Rav Shternbuch (Tshuvot v’Hanhagot 2:535) states clearly that in Jewish tradition the Luchot were not rounded. But those used to decorate synagogue arks are not of the same size as the original either. They are not meant to be replicas, but artistic representations or symbols of the Luchot. If asked initially, he would favor using square ones, but there is no harm in having rounded Luchot. He does note that Rav Yaakov Kanievsky, “the Steipler, ” was very particular about this issue and wrote that one should use only squared Luchot.

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Notes

1. The Tablets were used as a symbol of Judaism by the Christians before the it was used by the Jews. For example, Henry III, who ruled England from 1216 to 1272, issued a decree that all Jews had to wear an identifying badge that was in the shape of two tablets. The Luchot do not appear as a symbol among the Jews until about the 15th century. For sources on this and much of the other material in this background section, as well as many figures depicting the Luchot in various shapes, see: Ruth Mellinkoff, The Round-topped Tablets of the Law: Sacred Symbol and Emblem of Evil, Journal of Jewish Art, 1(1974), pp. 28-43 and Gad B. Sarfatti, “The Tablets of the Law as a Symbol in
Judaism” that appeared in Hebrew (1985) and English (1990) in The Ten Commandments in History and Tradition,
Magnes Press, Jerusalem, edited by Ben-Zion Segal and Gershon Levi, pages 383-418.

2. Although this was the shape of the ancient oriental stele, this is probably not the origin since it is unlikely that Medieval European artists would use ancient Egyptian or Assyrian stelae as their model.

3. In the Mishnah it is referred to as a pinkas with two levachim. See, for example, Shabbat 12:4 and Jastrow on “luach” (page 696) and “pinkas” (with a yud, page 1165).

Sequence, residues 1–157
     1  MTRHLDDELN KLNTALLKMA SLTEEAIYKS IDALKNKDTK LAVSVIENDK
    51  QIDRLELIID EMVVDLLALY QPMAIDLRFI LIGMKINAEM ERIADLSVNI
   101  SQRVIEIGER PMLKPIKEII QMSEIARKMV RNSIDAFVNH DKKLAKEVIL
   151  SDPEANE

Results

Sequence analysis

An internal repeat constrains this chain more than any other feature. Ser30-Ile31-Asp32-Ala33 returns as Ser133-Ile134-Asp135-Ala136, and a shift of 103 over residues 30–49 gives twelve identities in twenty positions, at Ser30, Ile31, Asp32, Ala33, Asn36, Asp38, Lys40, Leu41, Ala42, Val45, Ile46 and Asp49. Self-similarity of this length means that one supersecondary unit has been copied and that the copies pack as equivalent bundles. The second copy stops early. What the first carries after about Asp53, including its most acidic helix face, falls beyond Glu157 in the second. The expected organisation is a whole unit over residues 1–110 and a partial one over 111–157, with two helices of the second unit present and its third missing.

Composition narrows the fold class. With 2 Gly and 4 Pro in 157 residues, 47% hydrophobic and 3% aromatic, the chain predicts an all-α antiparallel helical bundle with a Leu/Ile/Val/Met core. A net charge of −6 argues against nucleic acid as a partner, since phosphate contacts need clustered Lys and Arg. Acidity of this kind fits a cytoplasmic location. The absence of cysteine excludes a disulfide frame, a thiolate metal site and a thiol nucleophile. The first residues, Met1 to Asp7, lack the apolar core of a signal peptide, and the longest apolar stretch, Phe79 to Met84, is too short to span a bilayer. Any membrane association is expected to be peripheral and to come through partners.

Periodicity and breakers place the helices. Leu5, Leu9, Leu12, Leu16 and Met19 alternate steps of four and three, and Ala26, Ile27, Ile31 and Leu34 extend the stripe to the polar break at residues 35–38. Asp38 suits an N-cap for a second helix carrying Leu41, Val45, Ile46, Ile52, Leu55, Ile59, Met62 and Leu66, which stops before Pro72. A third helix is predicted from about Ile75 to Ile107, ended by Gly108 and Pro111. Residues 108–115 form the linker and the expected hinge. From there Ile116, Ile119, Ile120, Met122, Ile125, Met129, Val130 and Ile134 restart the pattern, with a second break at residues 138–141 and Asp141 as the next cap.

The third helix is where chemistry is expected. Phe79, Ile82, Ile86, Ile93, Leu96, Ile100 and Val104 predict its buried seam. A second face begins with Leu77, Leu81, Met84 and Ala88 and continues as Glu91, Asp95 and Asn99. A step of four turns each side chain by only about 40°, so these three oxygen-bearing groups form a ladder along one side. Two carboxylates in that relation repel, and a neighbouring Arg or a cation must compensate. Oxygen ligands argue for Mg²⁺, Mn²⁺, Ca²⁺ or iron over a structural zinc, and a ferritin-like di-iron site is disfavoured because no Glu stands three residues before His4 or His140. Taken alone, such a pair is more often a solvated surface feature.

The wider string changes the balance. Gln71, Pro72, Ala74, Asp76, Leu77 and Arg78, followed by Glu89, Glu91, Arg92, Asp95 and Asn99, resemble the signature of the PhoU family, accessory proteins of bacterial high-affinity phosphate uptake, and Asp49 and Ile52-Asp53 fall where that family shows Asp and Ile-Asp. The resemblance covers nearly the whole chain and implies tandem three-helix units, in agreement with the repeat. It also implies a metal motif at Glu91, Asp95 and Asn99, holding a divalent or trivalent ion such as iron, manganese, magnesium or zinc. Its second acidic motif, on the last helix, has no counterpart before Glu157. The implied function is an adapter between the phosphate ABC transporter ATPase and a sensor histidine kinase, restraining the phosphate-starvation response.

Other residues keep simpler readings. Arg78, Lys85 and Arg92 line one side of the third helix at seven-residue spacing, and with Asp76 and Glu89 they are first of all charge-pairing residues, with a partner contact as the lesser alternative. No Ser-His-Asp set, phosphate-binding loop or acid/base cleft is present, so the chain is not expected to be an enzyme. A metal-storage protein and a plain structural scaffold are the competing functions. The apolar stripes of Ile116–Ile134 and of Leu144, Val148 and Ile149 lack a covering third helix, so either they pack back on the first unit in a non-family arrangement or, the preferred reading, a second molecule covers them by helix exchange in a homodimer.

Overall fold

4. Not 12th century France, as others have proposed.

5. See also Baraita di-Melechet ha-Mishkan, ed. Ish-Shalom, Vienna 1908, p. 40 and Bamidbar Rabbah 4:21. There are also rabbinic passages about the Luchot that are clearly aggadic. For example Breishit Rabbah states that the tablets were 136 fingers by 28 fingers, the “fingers” being the Fingers of God, “whose little Finger is as large as the entire world.”

6. The Yerushalmi (Shekalim 6:1; 16a-b; Sotah 8:3; Taanit 4:5), according to the Gra’s textual emendation, gives the measur ements as 6 tefachim high by 3 (not 6) wide and 3 thick.

7. I have seen a suggestion (by Shlomit Perlman, Zomet Institute Shabbat B’Shabbato) that the rounded tops of the
Luchot may be related to the Midrash, quoted by Rashi, to Exodus 34:1. God instructed Moses to, “Carve for yourself two Tablets.” The Midrash teaches that Moses was permitted to keep the stone shavings and thereby became wealthy. If the tablets were simple rectangles, it is argued, would God have given Moses a stone that was too large? Rather, the leftover stone was the result of rounding the tops of the tablets. I find this explanation puzzling. Why is it difficult to assume that God gave Moses a stone that was too large, but not that He gave him one that was the “wrong” shape?

8. See Sha’arei Halachah U’minhag, OC:1 page 199. It is also found in Sichos in English. This is based on addresses given by the Rebbe on Shabbat Parshat Ki Tissa, 5741 and on Simchat Torah 5742.

Reprinted from JEWISH ACTION Magazine, Summer 5759/1998 issue